Mine Kaplangı: What was the show "RUTUBET (humidity)" about, Sinem? 

Sinem Dişli: “RUTUBET” deals with the invisible structure of micro-scale organisms facilitated by conditions such as heat and humidity inherent to TOZ’s basement. Incorporating artificial light and sound with pre-existing elements found in this dark and odorous space, the first part of the work aims to evoke a feeling of discomfort, manipulating our senses. In contrast to this distressing experience, the upper floor installation consists of deformed macro photographs applied to the walls on a daily basis, imitating the invasive behavior of these ever-evolving life forms. The installation is part of a trilogy that deals with the role of water and human in relation
 to the cyclical nature of life. 

Sinem Disli  Rutubet, 2017 installation shot: Ege Kanar Sinem Disli  Rutubet, 2017 installation shot: Ege Kanar Sinem Disli "Rutubet", 2017 Photo © Ege Kanar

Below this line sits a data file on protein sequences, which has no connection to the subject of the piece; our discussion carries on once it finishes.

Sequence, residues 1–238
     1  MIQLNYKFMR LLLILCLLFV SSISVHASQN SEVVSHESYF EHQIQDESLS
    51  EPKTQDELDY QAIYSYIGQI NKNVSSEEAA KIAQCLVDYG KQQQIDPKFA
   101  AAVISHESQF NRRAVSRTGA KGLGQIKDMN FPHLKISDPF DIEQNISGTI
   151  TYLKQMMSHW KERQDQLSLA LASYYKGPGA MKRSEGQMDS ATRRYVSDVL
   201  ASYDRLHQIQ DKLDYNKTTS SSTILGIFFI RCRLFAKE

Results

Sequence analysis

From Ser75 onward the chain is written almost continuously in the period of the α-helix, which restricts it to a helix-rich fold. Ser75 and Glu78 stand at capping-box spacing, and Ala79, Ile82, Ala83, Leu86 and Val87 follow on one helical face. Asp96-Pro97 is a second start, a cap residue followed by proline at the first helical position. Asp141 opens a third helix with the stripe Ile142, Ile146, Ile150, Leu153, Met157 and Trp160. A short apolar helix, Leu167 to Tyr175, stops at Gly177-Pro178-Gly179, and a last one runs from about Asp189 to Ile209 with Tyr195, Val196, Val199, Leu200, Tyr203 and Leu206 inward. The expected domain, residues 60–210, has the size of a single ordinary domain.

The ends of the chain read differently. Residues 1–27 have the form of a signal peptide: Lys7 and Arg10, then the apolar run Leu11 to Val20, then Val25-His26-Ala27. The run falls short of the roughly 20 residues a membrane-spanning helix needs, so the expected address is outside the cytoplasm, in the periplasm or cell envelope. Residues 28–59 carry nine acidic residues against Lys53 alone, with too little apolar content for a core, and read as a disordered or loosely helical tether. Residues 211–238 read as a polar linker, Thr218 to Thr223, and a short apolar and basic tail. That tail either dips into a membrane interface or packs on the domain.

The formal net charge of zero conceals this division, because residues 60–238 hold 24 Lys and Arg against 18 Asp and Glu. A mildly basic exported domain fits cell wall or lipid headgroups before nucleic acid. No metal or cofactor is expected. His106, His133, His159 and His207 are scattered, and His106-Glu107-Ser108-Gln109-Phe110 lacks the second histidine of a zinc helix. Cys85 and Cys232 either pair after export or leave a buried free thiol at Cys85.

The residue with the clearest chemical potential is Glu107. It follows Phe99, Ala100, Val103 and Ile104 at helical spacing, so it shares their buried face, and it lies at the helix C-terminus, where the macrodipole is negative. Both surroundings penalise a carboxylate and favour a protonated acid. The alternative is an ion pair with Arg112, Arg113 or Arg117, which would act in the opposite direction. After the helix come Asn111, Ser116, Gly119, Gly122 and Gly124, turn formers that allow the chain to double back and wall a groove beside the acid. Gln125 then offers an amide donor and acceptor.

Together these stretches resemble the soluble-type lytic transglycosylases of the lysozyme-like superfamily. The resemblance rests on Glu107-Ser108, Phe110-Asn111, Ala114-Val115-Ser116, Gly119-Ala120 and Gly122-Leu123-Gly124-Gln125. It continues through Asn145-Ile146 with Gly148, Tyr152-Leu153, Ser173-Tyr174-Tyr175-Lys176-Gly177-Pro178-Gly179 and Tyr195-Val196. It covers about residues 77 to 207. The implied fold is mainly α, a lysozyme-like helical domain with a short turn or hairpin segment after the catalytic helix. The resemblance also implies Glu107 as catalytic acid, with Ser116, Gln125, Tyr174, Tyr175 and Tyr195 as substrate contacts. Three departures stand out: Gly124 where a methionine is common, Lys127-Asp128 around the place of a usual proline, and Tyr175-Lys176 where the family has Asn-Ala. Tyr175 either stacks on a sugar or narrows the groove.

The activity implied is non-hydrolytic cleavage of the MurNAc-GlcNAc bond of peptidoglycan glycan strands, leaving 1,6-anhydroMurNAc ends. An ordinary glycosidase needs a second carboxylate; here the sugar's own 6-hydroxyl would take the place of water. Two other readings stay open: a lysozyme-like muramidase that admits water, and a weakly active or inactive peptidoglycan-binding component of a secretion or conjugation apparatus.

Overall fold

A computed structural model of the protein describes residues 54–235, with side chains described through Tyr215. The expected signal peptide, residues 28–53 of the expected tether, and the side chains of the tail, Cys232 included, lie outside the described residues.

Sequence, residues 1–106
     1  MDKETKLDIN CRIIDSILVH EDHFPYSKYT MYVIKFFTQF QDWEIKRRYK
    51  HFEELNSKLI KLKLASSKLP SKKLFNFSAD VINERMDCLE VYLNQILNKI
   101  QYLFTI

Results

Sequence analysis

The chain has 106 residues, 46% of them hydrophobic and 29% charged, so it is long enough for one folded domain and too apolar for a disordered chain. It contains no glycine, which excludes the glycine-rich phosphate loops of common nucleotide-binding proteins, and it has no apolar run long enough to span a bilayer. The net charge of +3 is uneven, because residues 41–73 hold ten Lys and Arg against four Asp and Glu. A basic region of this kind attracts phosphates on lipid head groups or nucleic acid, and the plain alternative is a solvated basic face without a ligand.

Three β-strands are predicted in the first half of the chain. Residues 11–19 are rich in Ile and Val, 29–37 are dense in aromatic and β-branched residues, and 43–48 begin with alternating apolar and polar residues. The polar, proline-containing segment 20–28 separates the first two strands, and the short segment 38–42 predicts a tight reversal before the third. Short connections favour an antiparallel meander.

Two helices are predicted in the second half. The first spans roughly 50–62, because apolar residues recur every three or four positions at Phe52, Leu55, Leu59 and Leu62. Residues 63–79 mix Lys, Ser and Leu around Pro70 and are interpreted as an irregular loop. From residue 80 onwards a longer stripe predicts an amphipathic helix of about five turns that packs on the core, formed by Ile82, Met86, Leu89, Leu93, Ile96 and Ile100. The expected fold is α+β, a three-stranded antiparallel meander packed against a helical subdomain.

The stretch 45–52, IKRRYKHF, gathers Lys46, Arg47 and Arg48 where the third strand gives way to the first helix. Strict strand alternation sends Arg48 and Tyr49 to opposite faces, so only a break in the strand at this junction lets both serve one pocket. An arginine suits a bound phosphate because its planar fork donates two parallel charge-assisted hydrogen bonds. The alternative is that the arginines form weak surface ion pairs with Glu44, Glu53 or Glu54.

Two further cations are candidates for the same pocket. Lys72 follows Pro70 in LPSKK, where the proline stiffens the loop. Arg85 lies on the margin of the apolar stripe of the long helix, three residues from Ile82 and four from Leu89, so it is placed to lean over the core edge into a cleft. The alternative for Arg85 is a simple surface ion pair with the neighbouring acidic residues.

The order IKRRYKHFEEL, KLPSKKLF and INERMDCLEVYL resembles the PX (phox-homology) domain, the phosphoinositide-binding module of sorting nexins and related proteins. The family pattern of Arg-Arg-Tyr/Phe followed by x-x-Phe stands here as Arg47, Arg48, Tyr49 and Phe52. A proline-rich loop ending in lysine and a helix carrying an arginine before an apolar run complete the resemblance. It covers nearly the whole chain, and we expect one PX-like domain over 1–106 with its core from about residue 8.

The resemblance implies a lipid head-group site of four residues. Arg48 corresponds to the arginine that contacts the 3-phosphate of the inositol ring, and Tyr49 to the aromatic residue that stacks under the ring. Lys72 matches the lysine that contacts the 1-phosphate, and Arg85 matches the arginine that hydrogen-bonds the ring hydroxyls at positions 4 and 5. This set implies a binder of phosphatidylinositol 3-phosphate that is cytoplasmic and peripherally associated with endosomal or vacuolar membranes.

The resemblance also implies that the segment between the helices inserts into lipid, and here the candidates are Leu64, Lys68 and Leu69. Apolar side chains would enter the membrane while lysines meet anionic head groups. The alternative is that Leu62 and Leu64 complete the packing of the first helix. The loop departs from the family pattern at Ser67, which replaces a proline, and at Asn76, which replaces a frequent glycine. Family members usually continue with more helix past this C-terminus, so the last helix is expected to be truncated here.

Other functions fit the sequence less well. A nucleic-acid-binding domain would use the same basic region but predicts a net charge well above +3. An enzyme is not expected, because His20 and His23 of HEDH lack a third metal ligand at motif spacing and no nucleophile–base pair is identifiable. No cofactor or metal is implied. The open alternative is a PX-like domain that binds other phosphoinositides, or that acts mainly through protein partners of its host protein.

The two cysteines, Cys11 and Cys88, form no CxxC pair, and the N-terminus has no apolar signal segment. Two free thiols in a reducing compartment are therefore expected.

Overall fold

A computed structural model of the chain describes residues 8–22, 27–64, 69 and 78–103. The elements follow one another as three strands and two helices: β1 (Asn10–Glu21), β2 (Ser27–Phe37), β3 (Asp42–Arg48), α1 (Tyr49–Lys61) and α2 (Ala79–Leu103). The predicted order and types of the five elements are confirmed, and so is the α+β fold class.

Mine Kaplangı: TOZ is a research and co-production lab. In Istanbul, the general public often does not differentiate strictly between independently run art spaces, institutional museums or commercial galleries. What are your expectations from the spectators of Istanbul both as artists and as TOZ founders? 

Elvan Ekren: When setting up TOZ, the primary driving force for us was our longing for this kind of place as both artists and as an audience. Like us, many others have shared our enthusiasm and supported us in the process; we see it as a reflection of common thoughts on widening the borders. For us, this process was very educational. And we also had the opportunity to share what we have learned with our friends through TOZ. We believe that the art world should be less trade-oriented; and more platforms should emerge to focus on artistic concepts, providing opportunities for giving more voice to artists about what they want to say. The audience in Istanbul is a curious audience. There are many people who follow what is specifically shown where; therefore, we have had our own regular audience since we established the space.